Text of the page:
Inductive Proximity Sensor Principle

Inductive Proximity Sensor/Switch which is the most frequently used position/proximity sensor in many applications. Inductive proximity sensors can be used to recognize any conducting metal target. Inductive proximity sensors make use of electromagnetic field that penetrates through the target. An inductive proximity sensot consists of an oscillator that generates a high frequency electromagnetic field. This field is radiates from the sensing face of the system. When this field contacts a conducting metal target, a small current is induced within the metal target.

These currents will generate their own electromagnetic field that interferes with the field originating from the system. This causes a change in the amplitude of the oscillations of the signals from the system. The output voltage can be calibrated to this change. When the system is closer to the target, the more current reacts with the field originating from the system and the output is greater.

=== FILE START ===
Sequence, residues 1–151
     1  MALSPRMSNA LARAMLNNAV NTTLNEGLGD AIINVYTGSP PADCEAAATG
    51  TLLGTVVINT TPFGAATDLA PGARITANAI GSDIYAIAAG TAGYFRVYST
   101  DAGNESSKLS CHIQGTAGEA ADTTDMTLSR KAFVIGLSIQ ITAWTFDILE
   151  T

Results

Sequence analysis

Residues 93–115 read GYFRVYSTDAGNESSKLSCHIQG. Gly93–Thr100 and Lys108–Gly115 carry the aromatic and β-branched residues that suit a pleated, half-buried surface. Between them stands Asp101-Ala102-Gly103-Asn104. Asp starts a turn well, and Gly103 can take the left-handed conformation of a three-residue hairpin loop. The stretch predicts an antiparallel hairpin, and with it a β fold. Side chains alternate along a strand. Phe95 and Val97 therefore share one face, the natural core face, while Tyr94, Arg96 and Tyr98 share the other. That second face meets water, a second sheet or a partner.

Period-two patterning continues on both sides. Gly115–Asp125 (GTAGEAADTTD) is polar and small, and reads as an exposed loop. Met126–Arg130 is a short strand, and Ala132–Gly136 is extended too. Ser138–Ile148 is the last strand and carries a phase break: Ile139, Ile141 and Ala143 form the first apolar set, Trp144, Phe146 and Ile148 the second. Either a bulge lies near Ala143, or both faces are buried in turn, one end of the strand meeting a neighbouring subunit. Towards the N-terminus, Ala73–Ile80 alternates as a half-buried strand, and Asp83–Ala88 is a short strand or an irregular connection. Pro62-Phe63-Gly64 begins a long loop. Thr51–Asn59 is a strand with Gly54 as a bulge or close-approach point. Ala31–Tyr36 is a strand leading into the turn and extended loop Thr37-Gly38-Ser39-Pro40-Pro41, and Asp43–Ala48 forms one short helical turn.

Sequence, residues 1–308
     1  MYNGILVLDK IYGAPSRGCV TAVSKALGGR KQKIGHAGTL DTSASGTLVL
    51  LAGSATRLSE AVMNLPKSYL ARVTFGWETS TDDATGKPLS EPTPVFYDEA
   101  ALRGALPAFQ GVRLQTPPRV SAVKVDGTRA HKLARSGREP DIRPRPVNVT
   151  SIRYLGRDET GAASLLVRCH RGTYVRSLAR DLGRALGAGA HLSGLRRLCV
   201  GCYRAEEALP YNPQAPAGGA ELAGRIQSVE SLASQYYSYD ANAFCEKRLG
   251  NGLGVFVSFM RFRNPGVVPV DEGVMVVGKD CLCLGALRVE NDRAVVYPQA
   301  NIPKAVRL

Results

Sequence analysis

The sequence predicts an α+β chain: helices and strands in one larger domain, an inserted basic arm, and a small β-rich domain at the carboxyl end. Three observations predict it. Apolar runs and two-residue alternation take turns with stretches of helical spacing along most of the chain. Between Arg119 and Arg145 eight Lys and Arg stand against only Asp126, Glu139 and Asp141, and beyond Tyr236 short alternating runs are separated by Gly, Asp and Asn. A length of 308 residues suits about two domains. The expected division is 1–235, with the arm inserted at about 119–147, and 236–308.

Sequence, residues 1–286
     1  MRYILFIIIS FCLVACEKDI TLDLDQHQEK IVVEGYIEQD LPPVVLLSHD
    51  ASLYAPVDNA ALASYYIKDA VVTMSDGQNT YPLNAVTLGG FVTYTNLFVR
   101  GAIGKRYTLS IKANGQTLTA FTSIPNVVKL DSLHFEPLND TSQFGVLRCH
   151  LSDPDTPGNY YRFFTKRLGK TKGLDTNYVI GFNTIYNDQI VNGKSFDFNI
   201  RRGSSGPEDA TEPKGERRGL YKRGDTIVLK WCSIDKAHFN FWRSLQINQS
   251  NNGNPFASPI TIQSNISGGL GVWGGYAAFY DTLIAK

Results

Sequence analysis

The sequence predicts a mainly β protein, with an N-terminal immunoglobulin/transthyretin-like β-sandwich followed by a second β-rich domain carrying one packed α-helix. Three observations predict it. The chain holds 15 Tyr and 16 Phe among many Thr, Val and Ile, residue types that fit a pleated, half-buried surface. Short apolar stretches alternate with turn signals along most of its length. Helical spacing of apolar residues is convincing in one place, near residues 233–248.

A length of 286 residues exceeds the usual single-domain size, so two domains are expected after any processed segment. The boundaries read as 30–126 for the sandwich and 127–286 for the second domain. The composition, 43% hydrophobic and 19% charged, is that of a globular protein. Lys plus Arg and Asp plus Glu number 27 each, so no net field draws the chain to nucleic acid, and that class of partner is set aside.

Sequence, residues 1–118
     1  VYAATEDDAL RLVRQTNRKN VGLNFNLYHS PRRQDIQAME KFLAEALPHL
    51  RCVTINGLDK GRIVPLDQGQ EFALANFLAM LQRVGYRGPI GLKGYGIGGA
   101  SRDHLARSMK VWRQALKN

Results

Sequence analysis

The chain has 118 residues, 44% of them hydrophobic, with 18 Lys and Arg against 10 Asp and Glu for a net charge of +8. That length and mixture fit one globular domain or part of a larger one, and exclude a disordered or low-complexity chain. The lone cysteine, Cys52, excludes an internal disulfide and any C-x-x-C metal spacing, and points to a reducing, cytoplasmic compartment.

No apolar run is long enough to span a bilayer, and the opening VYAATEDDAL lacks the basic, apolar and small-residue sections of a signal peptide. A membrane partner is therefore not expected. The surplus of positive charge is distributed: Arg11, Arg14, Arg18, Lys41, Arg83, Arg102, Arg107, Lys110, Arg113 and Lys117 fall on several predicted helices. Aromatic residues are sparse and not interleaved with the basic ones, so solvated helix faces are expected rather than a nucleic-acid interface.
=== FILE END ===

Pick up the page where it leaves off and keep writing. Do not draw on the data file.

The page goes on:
The material and size (also the thickness) of the target is an important factor for inductive proximity sensors. Generally there are two types of target materials for inductive sensors; ferrous and nonferrous. Ferrous materials (iron and most steel materials) are magnetic in nature while nonferrous materials (zinc, aluminum, copper and brass) are nonmagnetic.

Note that some inductive sensors will work with both ferrous and nonferrous target materials while others will work only with one type of material, and most inductive proximity sensors are independent of the material in the gap between the probe and the target (they can be used in hostile environments where oil or other liquids may appear in the gap).

Since the output voltage (and current) of an inductive sensor is directly proportional to the distance between the sensor and the target (the voltage and current represent the absolute measured values corresponding to the distance), inductive proximity sensors are widely used in numerous applications.